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  5. Springs Branch

    Springs Branch New Member

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    There is, with respects, one massive reason, its called (lack of) volunteer resource.
     
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  6. Jamessquared

    Jamessquared Nat Pres stalwart

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    I’m not quite sure if the “of course” is meant as a compliment or not, but yes, the Bluebell is running both Santa and “Steamlights” services. Indeed, this weekend is the third weekend of Steamlights; Santa starts next weekend.

    I don’t think it has to be an either / or; my sense is it is different markets, Santa appealing more to those with very young children. There is also a midweek market for the lights trains, whereas there is less of that market for Santa due to children of the Santa age being at school during the day; the lights trains attract more adults or families with older children, in my (admittedly limited, and anecdotal) experience. On the Bluebell I think we are running over 90 lights trains (mostly two per day) from mid November to early January; they are largely sold out.

    I should also note that a local (to us at home) NT property has a huge winter lights event, so I think those railways that do it are tapping into something more widespread.

    As for running both Santa and Lights trains: there is a cost advantage in that the same Loco can do both, so you get three or four trains of passengers for the cost of steaming one loco. For the weekends in November where the Bluebell has had Steamlights but no Santa, they have run a lunchtime dining service, again minimising the loco cost. You do need the staff / volunteer base to support both, of course.

    Tom
     
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  7. Ian Monkton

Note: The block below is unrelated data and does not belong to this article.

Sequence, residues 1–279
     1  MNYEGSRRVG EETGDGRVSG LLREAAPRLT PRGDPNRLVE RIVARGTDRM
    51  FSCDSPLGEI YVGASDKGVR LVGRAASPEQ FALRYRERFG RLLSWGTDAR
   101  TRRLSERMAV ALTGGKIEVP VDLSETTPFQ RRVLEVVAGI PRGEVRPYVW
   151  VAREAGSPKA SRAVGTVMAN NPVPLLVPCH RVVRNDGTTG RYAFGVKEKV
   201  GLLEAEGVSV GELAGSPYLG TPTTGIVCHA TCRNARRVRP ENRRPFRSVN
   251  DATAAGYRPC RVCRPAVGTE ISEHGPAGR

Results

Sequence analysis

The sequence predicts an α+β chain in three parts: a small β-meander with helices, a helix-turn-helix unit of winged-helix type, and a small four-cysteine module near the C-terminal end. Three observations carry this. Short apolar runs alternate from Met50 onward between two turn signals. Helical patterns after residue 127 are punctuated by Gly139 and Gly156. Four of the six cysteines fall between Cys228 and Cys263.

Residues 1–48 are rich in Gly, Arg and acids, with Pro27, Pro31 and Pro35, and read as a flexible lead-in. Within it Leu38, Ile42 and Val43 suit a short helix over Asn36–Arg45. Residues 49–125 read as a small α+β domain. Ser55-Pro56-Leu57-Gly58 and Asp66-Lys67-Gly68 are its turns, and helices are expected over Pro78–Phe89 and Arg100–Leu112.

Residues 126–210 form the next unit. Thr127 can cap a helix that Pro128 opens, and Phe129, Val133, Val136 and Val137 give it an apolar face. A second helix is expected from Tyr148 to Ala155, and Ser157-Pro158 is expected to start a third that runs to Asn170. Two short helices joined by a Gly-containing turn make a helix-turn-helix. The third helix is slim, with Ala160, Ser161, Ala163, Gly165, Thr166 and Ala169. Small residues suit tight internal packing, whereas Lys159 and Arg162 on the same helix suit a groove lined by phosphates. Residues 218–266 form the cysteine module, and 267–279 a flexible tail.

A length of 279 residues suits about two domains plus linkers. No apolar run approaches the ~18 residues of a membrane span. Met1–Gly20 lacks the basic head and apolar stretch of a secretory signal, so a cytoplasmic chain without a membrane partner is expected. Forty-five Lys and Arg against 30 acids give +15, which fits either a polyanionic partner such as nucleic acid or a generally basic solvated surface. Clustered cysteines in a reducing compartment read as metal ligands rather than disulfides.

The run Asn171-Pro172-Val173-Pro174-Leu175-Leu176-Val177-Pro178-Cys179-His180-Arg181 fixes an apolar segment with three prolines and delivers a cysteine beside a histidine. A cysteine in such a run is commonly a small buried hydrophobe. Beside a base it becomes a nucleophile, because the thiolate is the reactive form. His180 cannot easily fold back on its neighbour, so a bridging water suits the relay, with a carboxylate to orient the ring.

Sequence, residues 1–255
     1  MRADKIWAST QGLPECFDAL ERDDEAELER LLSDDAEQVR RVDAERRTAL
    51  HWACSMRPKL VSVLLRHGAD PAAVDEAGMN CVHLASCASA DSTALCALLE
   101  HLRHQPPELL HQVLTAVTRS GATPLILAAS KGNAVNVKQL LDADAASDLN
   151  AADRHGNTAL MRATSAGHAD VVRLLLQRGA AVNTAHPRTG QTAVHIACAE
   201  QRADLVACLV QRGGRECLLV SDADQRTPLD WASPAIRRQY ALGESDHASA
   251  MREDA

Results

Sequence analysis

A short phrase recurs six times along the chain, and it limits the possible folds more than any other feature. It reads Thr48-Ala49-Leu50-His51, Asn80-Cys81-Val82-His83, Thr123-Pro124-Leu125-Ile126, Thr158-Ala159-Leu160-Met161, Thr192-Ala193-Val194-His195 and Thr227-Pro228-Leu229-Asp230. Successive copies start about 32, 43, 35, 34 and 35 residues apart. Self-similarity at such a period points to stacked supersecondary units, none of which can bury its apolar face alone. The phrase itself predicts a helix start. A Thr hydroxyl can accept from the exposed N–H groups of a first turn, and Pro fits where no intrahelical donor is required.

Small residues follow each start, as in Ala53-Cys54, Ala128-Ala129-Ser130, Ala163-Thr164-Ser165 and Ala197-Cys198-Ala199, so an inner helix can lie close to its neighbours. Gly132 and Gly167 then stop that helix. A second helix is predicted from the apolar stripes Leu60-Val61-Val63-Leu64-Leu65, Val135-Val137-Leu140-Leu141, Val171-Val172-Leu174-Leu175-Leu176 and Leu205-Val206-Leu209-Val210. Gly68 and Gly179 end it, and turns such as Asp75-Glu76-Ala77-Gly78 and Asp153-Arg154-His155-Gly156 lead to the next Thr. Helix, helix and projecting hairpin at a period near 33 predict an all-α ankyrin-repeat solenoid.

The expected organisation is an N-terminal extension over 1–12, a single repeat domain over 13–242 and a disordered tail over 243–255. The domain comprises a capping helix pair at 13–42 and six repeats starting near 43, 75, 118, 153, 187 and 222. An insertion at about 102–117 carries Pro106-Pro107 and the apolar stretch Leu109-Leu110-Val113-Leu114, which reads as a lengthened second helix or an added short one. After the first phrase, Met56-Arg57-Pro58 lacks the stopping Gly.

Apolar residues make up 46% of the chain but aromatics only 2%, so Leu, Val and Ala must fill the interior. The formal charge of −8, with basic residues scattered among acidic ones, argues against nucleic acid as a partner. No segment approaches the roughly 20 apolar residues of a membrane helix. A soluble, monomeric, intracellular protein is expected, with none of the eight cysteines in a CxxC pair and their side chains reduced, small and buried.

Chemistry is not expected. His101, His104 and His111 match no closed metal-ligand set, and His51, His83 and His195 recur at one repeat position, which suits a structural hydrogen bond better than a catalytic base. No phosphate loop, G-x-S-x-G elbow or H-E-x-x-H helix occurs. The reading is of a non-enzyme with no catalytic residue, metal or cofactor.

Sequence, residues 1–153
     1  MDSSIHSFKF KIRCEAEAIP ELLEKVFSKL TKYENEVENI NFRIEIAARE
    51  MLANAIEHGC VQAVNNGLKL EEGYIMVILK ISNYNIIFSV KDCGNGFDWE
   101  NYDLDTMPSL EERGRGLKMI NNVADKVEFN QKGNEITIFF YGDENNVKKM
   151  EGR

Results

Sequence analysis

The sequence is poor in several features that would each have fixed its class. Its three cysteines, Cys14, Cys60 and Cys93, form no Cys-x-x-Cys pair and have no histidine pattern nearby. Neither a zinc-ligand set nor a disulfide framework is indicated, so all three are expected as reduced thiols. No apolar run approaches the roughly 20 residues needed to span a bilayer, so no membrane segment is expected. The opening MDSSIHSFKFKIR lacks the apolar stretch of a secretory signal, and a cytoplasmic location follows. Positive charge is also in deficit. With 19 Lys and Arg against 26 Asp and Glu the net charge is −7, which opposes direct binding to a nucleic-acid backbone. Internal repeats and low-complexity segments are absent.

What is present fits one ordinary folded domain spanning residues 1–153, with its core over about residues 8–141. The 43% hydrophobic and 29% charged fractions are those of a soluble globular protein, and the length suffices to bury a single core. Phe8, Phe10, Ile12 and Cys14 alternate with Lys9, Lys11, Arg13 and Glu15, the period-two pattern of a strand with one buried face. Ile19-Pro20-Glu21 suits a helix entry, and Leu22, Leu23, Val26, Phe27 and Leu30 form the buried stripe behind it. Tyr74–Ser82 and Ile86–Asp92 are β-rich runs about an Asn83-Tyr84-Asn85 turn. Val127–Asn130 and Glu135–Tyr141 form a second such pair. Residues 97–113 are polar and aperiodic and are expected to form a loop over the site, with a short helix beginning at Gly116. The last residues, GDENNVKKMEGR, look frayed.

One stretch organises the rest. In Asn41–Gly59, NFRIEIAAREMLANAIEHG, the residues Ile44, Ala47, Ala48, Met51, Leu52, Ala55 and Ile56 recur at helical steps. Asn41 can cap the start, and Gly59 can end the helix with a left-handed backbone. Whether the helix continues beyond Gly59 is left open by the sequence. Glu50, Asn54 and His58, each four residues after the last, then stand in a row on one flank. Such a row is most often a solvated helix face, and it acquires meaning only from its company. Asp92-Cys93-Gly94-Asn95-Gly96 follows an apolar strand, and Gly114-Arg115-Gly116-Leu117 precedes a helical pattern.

Ian Monkton Member

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    The WSR is also running Santa trains as well as lights.
     
  8. Steve

    Steve Resident of Nat Pres Friend

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    The NYMR have separated the two, running the lights trains during October half term, so minimising the strain on volunteers and staff.
    I’m surprised at Tom’s statement about using the same loco for other duties. Rigging the loco for the lights isn’t a five minute job. The NYMR had a dedicated loco for the lights service.
     
  9. Jamessquared

    Jamessquared Nat Pres stalwart

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    We have a jolly clever electrician who rigged up a clever two position switch labelled "off" and "bling"; we use one setting by day and one by night ;)

    Tom
     
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  10. Dean Lane

    Dean Lane New Member

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    The Polar Express [TM] experience is yet another option this year, with 8 or 9 railways licensed to thrill young passengers. Never seen it myself but I suspect it's a cross between a Santa Special and an Illuminated train. I believe it involves professional actors rather than relying entirely on volunteers and regular staff.
     
  11. Steve

    Steve Resident of Nat Pres Friend

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    The lights on the NYMR loco go out when you unplug it from the genny. No need for one of those complicated switch thingys :) Still looks a bit of a poor show to have it on an ordinary train, though.
     
  12. oldmrheath

    oldmrheath Well-Known Member

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    Seems sensible- Blackpool has traditionally done well out of Autumn illuminations and trams.

    Jon
     
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  13. ross